Ditch the Slideshow: Professional Development for Grownup Kids
The week that connects October to November is always a busy time for educators. These days are packed with grading midterm work, writing report cards, scheduling parent conferences, and moving the curriculum forward. Toss in some tired children who were up late and are riding the Halloween sugar rush, and you have an exhausting week. This is NOT a good time to run faculty professional development….or is it?
One of the first questions I received back in September was, “are you running the coding club?” And soon another question kept nagging at the back of my mind: “Why is coding living in a club?”
As I spent two months watching our teachers teach incredible lessons and engage with students in conversations around problem solving and following directions, I realized that our teachers were already “teaching coding.” They just didn’t realize it. Excited to empower teachers with this epiphany, I booked the next available Friday afternoon.
But that next Friday was November 3rd. And teachers were going to show up TIRED. So we threw out the slideshow PD model, and gathered together our robots, VR googles, and iPads. After a 7 minute intro to computation thinking vocabulary, I let teachers loose to try out our collection of coding activities.
What happened over the next hour was transformational. Teachers who showed up refusing to smile or participate in the opening 7 minutes began dancing with VR glasses, cheering as they leveled up in Kodable, and following one another around with Dash and Dot robots. By the end, it felt like a weekend cookout with friends, instead of a professional development requirement.
With mother nature on our side, we enjoyed some coding exploration and robot driving in the warm autumn sunshine. It was a relaxing way to decompress after a busy week, and enjoy one another’s company. The VR googles were the hit of the afternoon, and I loved hearing faculty help one another solve coding challenges.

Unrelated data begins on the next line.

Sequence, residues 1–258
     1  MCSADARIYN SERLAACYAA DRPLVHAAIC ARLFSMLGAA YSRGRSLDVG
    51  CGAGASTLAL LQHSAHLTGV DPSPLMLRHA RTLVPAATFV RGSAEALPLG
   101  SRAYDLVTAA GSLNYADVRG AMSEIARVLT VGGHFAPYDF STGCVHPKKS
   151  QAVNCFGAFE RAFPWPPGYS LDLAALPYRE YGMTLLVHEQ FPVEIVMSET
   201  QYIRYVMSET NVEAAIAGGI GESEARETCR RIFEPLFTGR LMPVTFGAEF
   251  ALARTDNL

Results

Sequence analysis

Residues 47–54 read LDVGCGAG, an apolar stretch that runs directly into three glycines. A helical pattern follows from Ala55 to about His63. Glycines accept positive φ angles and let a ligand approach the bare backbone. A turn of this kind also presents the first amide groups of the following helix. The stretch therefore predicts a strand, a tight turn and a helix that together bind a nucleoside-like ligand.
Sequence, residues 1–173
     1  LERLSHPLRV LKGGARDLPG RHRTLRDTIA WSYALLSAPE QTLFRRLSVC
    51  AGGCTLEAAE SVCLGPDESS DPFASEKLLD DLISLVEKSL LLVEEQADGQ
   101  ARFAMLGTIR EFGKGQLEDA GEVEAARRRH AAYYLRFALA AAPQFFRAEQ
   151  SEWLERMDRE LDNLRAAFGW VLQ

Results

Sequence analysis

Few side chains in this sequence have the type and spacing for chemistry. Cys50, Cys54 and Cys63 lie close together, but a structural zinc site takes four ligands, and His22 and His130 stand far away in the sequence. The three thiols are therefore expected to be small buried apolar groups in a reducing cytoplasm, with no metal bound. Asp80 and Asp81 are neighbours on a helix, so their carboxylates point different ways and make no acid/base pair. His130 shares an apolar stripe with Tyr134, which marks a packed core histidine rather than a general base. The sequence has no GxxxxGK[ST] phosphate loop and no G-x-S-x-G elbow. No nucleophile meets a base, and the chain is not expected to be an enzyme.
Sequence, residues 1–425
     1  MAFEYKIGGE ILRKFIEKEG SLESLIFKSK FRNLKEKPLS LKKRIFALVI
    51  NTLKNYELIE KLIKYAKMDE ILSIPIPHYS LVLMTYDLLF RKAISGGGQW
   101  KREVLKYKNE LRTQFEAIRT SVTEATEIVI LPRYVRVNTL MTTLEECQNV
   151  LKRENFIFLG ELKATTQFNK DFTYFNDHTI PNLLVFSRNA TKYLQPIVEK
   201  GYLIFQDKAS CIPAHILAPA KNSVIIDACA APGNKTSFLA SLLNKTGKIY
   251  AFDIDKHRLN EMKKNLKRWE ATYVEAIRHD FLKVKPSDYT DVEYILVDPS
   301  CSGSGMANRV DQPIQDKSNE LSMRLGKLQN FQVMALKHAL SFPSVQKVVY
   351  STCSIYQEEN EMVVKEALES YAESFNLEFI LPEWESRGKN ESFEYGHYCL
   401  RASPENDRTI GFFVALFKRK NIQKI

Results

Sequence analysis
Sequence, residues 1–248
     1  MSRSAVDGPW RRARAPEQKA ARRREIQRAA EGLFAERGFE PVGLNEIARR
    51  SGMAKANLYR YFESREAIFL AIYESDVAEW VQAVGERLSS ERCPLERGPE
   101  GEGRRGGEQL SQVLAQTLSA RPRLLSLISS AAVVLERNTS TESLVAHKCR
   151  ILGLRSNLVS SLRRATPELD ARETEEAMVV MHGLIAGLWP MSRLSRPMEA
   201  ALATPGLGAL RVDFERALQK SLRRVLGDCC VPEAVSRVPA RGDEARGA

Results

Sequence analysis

At the end of the session, we did a 7 minute recap. I asked each person to write a reaction on a sticky note. This could be a question, comment, or reflection. Some prompts included:
- What did you like/dislike about this afternoon?
- What is a question that you have after this afternoon?
- Where can you amp up the computer science skills you are already teaching?
- What is one new thing you tried this afternoon that you can implement into your classroom?
- What is transformative about the activities we did today? What about them is better than the way we currently teach?
- How did it feel to be a student in this type of learning environment?
As they wrote, I offered the opportunity to read the sticky notes aloud; only a few people wanted to share. Then, I sent everyone off for the weekend!
Professional development should end on high notes,
leaving participants motivated and engaged.
Was there more that I could have asked? Were there conversations I could have had? Absolutely. But professional development should end on high notes, leaving participants motivated and engaged. I have sat through too many sessions where we discuss a topic or admire a problem until there is nothing else to say and zero desire to think anymore about it. It deflates the learning. I would rather teachers leave thinking in positive ways about the topics we covered, and follow up a short time later with further reflection.
After a long week, the best thing we can do is carve out time to play and rest. I am grateful for the smiles and good humor of my colleagues. And I cannot wait to see the exciting ways they incorporate computational thinking skills into their classrooms!
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